Fake accounts have existed since the beginning of social media. A handful of examples from the past half-decade: In 2010 a Paramount Entertainment impersonator rattled off racist and inappropriate tweets. Last year, a Thai woman stole some $200,000 using a fake Furby Instagram account. Also in 2013, a fraudulent Southwest Airlines Facebook page boasted some 2000 followers and an Instagram scam promised VIP deals on American Airlines, Jet Blue, Delta, United Airlines and Emirates.

The app InstLike, as seen in the picture, tricked over 100,000 users into letting the app hijack their account and like random photos. In January, fake Twitter accounts disguised as market researchers connected to traders in the finance world and claimed several small companies were under investigation by the Department of Justice—hackers rode the ensuing stock plunge.

One group historically prone to social media fraud is the military. Hackers launch “romance scams,” in which fake profiles of servicemen abroad connect with loved ones at home, or even initiate online relationships. Once the targeted party believes they are communicating with a real person, the hacker will request money. One unnamed military official in particular has some 30 imposter Facebook accounts. More troubling is the nearly 100 fake Skype accounts – the most popular means of communication between military personnel and loved ones at home, and thus the easiest target for “romance scams.” Even the Russian social networking site VK has 75 different profiles under this same military official’s name.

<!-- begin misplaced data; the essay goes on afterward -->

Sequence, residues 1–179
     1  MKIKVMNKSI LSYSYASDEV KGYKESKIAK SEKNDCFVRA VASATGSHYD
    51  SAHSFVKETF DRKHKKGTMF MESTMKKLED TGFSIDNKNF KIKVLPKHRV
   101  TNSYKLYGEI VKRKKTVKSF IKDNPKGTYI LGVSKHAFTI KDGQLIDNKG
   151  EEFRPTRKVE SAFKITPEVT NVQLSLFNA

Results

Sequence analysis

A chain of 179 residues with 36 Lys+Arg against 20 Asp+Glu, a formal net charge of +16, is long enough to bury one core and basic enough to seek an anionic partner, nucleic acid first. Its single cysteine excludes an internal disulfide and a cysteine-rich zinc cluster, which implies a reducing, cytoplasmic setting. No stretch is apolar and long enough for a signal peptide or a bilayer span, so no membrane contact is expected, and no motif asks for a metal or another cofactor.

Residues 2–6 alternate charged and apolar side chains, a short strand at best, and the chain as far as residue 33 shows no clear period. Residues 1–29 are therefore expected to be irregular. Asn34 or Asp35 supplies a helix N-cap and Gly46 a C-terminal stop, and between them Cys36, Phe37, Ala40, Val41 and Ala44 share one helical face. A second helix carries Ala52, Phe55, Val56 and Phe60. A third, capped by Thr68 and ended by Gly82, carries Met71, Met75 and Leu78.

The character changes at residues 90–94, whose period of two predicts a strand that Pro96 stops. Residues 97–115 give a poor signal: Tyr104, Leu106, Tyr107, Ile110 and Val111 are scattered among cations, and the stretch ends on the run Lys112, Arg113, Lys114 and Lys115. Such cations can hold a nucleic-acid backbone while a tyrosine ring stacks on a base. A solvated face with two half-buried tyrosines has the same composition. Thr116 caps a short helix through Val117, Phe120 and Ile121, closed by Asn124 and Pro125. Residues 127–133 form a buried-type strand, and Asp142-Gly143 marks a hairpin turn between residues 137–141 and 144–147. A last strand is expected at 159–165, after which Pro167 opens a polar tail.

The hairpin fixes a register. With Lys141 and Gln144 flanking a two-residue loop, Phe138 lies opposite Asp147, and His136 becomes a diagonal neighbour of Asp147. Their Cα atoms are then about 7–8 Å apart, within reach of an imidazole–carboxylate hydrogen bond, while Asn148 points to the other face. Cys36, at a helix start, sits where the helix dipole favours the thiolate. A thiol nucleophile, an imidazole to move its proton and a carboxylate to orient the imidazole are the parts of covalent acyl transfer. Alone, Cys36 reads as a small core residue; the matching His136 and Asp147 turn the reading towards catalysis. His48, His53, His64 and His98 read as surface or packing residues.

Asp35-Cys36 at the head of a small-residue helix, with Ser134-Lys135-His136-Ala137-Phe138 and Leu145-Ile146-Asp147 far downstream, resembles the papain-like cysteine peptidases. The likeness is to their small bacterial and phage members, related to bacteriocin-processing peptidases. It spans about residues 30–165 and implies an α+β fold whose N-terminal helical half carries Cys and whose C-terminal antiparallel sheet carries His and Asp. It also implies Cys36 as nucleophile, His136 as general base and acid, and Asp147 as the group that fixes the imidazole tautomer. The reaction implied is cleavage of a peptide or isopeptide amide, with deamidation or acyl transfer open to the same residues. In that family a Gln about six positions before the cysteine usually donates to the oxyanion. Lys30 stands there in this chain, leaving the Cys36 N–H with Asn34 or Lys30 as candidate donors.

Most recently, the fake Jamie Dimon Twitter account took center stage in the news of fraudulent social media activity. It began benignly, posting tweets like, “We are excited to announce that our CEO James Dimon has joined Twitter. This account is managed by the Global Media Relations Department.” The account followed notable business leaders and tweeted several times throughout the day.

For organizations, the cost of social media fraud varies on the type and breadth of the attack. Customer scams have serious business implications further down the road, in the form of customer loyalty and support costs. Executive impersonations can result in brand reputation damage or stock manipulation. Businesses are beginning to understand the full scope of this problem—a third of users say they have been sent malware on social, 24% of SMBs say they have been compromised via social, and 72% of companies believe employees’ use of social media poses a threat to their organization.

As long as social media exists, fraud will persist as a problem. It’s time for organizations to take the threat of social media very, very seriously.